Book Review: User Story Mapping

Book Review: User Story Mapping

One of the most talented developers I’ve ever worked with recommended this book to me.  A guy who, at least when a big financial is his client, finds himself arguing against documentation more often than for it recommending a book about requirement documentation? Figured it must be worth the read.  It very much was, I got a lot out of it and have already used Story Mapping on two of my projects.  My only gripe was that the book could have been a lot shorter, the concept of Story Mapping is really a simple one.  I feel like Patton felt he had to include sections on good story writing just to fill up the book, but the real value is in the technique for Story Mapping.

I’m not going to try to reproduce the manual for story mapping here, but I will say it has helped me with a few key things.  If you’re struggling with them on any of your projects, you should definitely read this book:

  1. Defining a TRUE Minimum Viable Product (MVP).  The way story mapping works is focused on what your user needs to do.  The features are aligned to that.  It really helps with the, “Well, if they didn’t have feature XYZ, couldn’t they still do ABC?”  Even if ABC is an ugly work around, it may be a way to get you to providing value to your customers earlier.
  2. It’s not just the MVP, story mapping is an excellent tool for release planning.  This has really helped with a project I’m working on around enabling enterprise technology for automated provisioning.  We did a full story map and are now thinking about things in terms of releases that are similar (but not the same if you happen to know for whom I work):  1.  Just make sure the hosting team can use it to avoid some of their annoying manual steps.  2.  Enable rapid provisioning of test environments so that they can be shut down when not being used and quickly stood up when necessary.  3.  Start letting developers test on rapidly provisioned environments with real hardware instead of on their desktops.  It is helpful for prioritization to think of things like “automate DB deployments” not as an independent features that we race through but as necessary building blocks of one of our well-thought out, value-based releases.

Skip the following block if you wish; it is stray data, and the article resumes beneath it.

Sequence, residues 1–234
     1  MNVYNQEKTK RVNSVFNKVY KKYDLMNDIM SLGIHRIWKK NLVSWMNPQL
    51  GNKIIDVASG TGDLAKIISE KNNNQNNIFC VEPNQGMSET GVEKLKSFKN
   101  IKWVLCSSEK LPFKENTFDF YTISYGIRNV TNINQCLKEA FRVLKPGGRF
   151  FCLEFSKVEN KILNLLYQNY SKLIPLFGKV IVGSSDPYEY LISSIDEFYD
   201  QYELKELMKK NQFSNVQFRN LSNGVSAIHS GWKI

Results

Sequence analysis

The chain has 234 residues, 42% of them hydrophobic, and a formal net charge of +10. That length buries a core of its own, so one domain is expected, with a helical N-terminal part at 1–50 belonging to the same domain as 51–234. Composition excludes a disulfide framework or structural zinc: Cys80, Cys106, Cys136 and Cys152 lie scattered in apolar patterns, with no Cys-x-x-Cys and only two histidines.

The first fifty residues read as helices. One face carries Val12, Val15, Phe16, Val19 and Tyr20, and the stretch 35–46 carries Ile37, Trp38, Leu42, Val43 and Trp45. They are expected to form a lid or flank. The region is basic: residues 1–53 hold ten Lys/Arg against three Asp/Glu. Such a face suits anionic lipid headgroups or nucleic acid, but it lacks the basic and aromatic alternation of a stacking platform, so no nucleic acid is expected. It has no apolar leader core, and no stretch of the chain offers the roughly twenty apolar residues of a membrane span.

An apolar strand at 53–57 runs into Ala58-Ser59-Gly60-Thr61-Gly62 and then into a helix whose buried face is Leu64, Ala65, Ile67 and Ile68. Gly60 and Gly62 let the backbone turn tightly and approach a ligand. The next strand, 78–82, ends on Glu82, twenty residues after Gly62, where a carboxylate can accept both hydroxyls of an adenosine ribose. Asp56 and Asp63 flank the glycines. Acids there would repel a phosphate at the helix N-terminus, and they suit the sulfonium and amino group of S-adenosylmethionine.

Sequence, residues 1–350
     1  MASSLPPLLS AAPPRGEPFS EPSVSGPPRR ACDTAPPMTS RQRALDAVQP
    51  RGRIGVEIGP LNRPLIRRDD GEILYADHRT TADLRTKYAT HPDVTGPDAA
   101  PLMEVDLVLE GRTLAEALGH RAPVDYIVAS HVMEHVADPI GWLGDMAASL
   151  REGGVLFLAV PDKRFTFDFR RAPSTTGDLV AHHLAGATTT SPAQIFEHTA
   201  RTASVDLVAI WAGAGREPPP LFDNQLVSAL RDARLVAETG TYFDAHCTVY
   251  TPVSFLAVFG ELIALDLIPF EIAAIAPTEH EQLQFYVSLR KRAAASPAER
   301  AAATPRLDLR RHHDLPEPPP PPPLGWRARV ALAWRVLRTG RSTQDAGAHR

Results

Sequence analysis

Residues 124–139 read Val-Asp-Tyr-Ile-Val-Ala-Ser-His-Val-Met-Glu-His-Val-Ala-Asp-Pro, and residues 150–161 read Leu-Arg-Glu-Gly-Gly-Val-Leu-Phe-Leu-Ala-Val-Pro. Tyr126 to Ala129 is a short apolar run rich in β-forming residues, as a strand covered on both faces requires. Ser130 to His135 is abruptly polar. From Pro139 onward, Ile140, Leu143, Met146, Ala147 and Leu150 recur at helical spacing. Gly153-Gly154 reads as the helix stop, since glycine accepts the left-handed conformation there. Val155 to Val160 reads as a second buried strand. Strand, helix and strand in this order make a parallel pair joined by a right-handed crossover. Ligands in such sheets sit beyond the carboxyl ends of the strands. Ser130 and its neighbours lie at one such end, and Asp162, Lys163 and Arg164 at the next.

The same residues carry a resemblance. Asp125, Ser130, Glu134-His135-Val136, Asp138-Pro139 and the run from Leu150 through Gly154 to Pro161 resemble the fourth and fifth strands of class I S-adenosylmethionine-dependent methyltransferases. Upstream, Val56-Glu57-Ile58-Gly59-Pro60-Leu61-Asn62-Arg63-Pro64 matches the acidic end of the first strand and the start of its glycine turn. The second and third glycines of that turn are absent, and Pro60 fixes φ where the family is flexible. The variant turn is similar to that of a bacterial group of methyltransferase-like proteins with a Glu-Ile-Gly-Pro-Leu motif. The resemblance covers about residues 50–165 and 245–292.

3. Figuring out the role of the “product owner” in an organization where you don’t have an actual user of the software that can play it.  You’ll have to dig for this bit of wisdom from the user story tutorial part.  While most of that section is motherhood and apple pie, I think his approach is a nugget of gold.  Actually led me to ask the team on my current project to make me Product Owner.